Louise Klintner defended her thesis “Normalizing the Natural: A study of menstrual product destigmatization” on 16 April 2021. Below you can find out more about Louise and her research, described in her own words.
As a fresh graduate from the business programme (civilekonomprogrammet) at LUSEM in 2015, I ventured out to find a job that would give me a sense of purpose. It took about a year before I circled back to the idea of returning to Lund University and consider applying to the PhD programme. What finally made me do it were reports from an Argentinian study where carcinogenic toxins had been found in tampons as a consequence of the widespread use of pesticides on cotton crops. I started looking into the standards and regulations in place on the contents and safety of menstrual products. I soon discovered a frightening lack of such frameworks in particular on a global scale. Products used so intimately on or inside the body and in particular by so many people are generally heavily regulated and monitored, but this was not the case regarding menstrual products.
As I dug deeper, I noticed that it was not only that standards and regulations were missing, but there were other problematic market conditions that became illuminated. For example, the homogeneous nature of products on the market, which were few and had been around for a very long time (tampons and pads have looked virtually the same since the beginning of the 1900s). Additionally, the way products were marketed in a manner disconnected from the reality of menstruating and using menstrual products, for instance the use of blue liquid to illustrate absorption.
To investigate these matters further, I initiated a qualitative study in the menstrual product field. In my pilot study, an early supposition of mine was confirmed, namely that the stigma on menstruation and, by extension menstrual products, played a large role in the status quo of the menstrual product field. Simultaneously, there were clear indications that the stigma was changing, more specifically, weakening. The purpose of my thesis became to develop our understanding of the factors that contribute to the destigmatization of menstrual products. Previous research on destigmatization processes in product fields was sparce and I ended up conducting one of the most comprehensive studies on product destigmatization thus far. In particular, my study takes into account how mechanisms driving destigmatization play out on all three levels of society: the individual, organizational and institutional.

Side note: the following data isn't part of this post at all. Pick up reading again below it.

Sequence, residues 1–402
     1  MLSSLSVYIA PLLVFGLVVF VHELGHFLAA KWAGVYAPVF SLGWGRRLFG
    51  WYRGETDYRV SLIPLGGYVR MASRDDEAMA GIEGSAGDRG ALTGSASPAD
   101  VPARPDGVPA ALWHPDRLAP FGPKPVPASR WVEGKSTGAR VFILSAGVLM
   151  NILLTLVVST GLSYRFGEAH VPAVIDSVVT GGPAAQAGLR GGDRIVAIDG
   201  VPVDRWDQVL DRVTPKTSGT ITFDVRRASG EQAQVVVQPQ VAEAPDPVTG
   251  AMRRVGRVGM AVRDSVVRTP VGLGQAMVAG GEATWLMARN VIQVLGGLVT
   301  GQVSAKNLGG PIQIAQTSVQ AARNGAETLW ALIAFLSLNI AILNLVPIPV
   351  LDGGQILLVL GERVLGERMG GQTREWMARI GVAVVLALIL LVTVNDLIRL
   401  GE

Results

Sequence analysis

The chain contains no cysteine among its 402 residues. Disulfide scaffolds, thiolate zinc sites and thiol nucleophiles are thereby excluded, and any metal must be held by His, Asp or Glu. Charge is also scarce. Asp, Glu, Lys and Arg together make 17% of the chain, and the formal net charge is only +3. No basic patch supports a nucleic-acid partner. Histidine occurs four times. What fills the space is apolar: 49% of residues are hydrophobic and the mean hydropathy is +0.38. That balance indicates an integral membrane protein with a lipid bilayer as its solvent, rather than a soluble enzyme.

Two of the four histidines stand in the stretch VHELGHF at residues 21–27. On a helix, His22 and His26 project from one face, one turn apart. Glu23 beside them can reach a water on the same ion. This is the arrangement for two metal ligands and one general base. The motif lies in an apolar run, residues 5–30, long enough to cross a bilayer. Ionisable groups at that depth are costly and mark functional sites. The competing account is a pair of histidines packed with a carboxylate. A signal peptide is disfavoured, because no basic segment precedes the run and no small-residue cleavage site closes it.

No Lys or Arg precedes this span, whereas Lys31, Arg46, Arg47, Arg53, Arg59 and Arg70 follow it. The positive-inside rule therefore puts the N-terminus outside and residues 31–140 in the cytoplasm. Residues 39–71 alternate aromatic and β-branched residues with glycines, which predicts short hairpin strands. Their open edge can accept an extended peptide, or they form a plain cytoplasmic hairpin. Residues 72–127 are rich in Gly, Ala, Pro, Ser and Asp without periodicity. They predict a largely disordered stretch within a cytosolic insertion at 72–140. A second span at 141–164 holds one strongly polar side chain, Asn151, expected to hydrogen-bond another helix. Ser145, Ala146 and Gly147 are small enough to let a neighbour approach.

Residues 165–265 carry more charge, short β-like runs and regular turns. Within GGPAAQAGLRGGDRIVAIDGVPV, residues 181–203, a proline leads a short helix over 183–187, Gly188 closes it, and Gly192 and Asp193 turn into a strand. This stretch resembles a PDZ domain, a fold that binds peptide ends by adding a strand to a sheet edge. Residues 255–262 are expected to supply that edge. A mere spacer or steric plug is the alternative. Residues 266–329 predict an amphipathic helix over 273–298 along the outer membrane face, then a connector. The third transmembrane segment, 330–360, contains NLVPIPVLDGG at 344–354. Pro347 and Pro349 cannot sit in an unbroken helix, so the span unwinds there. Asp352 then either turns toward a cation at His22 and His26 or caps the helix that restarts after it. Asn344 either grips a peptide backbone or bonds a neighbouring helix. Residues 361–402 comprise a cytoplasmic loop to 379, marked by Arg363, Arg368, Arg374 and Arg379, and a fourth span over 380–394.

During my time as a doctoral student, I have had a few passion projects on the side that I plan to continue pursuing after my dissertation. First and foremost, I am the initiator of a standardization project aimed at ensuring the health and safety of menstrual products around the world. Together with the Swedish Institute of Standards (SIS) and a number of other stakeholders, including consumer organizations, producers, NGOs and entrepreneurs, I submitted a proposal to start a new standardization area in ISO through its consumer interest organization, COPOLCO. The proposal has thus far been well received and our work will hopefully gather further support from the minimum of five member states in COPOLCO required to move forward.
Second, I am engaged in a research project, again together with SIS, funded by Vinnova. The purpose of the project is to further our knowledge of standardization and innovation of stigmatized products. In particular, it aims to understand how standardization can contribute to, rather than stifle, such innovation. These questions have arisen during my work and is a topic I consider worthwhile pursuing further.